Jobs of Necessity, Cheaters, Depression, and More
Webcast Q&A: 7 November 2010
I answered questions on jobs of necessity rather than passion, contentious Objectivist debates, a cheating friend, helping a friend with depression, reminders of death, and more on 7 November 2010. Listen to or download this episode of Philosophy in Action Radio below.
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Segments: 7 November 2010
Question: We are sometimes forced to choose a professional endeavor out of financial necessity rather than professional passion, leading to difficulty in motivation and decreased creative output. How might one improve effectiveness under those circumstances?
Question: Objectivists seem to be disagreeing a lot recently about some hot button issues. Do you have any principles to suggest on how to best handle such disagreements?
Question: A friend (we were once close, but have grown apart in recent years) confides that she is cheating on her husband and has no plans to tell him. I have no idea what to do – I neither wanted this secret nor want to help keep it from the husband. I'm angry.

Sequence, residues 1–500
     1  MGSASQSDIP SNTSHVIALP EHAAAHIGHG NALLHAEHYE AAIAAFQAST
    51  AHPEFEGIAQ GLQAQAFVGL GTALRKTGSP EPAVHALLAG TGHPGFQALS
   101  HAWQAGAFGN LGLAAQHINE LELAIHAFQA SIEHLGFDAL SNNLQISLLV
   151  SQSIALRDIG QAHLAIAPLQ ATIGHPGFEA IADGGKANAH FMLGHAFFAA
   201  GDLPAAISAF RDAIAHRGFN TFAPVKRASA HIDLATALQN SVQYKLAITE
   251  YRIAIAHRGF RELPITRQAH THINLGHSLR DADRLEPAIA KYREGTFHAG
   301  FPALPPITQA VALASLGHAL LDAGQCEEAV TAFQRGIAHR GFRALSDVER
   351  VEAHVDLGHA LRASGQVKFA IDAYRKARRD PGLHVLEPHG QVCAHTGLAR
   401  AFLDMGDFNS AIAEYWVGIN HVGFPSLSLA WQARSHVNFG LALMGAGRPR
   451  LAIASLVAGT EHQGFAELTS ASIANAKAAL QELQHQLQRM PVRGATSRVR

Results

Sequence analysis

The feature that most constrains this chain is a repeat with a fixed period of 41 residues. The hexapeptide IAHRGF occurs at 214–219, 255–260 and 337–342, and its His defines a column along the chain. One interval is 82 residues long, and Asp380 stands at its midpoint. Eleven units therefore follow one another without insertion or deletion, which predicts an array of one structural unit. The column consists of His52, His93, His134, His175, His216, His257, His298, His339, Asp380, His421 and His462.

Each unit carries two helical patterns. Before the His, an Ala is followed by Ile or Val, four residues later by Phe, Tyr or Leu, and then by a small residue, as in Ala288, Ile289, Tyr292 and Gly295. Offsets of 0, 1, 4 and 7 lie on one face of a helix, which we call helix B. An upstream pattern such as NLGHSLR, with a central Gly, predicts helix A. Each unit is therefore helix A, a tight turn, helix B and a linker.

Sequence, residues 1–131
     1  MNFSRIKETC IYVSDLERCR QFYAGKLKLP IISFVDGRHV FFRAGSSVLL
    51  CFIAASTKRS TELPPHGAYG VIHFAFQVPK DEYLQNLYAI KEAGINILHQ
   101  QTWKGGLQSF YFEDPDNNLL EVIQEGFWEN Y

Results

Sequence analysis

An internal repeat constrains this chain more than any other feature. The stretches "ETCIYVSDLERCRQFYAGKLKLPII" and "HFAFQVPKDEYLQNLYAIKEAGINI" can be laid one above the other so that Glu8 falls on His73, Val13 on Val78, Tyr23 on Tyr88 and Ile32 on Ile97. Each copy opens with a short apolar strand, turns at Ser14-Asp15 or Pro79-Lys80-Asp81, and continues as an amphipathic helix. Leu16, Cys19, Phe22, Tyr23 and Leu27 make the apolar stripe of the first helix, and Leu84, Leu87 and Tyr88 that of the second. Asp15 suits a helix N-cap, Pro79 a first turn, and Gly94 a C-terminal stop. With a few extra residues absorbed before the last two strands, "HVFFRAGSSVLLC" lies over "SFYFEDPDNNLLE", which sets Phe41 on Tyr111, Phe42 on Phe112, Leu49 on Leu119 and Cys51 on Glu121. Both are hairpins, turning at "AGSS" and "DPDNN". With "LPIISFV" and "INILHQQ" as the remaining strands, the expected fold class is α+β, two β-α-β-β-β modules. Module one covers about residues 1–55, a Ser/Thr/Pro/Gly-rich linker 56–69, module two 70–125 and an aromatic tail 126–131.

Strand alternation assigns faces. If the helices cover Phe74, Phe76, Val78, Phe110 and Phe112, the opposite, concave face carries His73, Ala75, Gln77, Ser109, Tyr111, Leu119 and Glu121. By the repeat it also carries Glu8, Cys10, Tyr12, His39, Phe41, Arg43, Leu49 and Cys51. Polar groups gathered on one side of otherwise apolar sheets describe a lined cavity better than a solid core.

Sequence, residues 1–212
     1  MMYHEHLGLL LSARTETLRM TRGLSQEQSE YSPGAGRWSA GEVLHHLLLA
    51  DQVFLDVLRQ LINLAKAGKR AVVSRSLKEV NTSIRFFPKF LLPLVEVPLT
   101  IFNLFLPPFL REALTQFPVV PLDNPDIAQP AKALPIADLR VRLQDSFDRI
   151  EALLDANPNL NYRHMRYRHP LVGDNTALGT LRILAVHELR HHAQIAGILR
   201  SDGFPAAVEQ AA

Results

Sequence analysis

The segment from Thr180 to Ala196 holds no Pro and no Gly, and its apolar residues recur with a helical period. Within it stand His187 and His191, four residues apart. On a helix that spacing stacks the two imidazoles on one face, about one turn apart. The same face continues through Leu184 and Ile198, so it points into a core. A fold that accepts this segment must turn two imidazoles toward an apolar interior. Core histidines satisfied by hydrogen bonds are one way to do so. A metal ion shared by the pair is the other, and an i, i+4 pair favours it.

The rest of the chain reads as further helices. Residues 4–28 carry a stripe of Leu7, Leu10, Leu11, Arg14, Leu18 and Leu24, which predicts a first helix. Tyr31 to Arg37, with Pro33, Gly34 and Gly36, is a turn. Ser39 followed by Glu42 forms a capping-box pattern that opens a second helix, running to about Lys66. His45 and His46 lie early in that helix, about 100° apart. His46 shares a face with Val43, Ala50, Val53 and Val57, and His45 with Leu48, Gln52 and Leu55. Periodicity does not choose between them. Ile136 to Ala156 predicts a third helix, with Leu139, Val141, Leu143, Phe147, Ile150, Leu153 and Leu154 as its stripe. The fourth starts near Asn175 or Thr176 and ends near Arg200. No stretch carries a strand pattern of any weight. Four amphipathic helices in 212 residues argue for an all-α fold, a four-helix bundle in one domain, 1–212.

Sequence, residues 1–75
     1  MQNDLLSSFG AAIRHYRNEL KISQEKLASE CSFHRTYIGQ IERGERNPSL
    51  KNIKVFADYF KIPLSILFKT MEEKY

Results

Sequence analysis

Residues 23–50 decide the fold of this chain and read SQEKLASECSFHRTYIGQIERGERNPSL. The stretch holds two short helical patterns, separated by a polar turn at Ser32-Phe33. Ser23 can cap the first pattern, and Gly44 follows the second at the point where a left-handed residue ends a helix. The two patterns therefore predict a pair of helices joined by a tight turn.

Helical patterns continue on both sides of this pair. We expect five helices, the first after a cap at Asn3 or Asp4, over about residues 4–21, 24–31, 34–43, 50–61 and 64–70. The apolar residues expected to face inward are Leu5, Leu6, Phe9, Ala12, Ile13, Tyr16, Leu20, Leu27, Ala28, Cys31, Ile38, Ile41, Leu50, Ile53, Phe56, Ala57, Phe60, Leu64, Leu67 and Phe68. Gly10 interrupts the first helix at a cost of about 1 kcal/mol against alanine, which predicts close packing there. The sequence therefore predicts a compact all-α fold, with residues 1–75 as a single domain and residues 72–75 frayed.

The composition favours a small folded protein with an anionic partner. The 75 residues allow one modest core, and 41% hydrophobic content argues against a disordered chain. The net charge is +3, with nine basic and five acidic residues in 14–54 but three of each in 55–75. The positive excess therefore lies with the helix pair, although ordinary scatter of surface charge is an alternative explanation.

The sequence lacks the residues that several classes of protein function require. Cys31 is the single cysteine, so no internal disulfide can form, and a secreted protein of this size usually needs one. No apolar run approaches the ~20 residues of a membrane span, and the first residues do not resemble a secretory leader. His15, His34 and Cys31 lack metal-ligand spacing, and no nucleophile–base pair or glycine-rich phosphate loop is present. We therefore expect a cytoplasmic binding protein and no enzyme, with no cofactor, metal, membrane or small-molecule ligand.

Question: If you have a dear friend with depression that is honestly struggling, what can you do to help? I've listened. I've recommended a book Mind Over Mood. I've sent a picture each day of a memory and what is says about her i.e. focus on the positive.
Question: Why do some habitually project their death as a means of silencing criticisms or getting people to do what they want? E.g. a senior that intimidates his children to answer the phone by stating his next call might be while he's actively dying.
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About Philosophy in Action
I'm Dr. Diana Brickell. I'm a philosopher specializing in the application of rational principles to the challenges of real life. I received my Ph.D in philosophy from the University of Colorado at Boulder in 2009. My book, Responsibility & Luck: A Defense of Praise and Blame, is available for purchase in paperback and Kindle. The book defends the justice of moral praise and blame of persons using an Aristotelian theory of moral responsibility, thereby refuting Thomas Nagel's "problem of moral luck."
My radio show, Philosophy in Action Radio, broadcasts live over the internet on most Sunday mornings and some Thursday evenings. On Sunday mornings, I answer questions applying rational principles to the challenges of real life in a live hour-long show. Greg Perkins of Objectivist Answers co-hosts the show. On Thursday evenings, I interview an expert guest or discuss a topic of interest.
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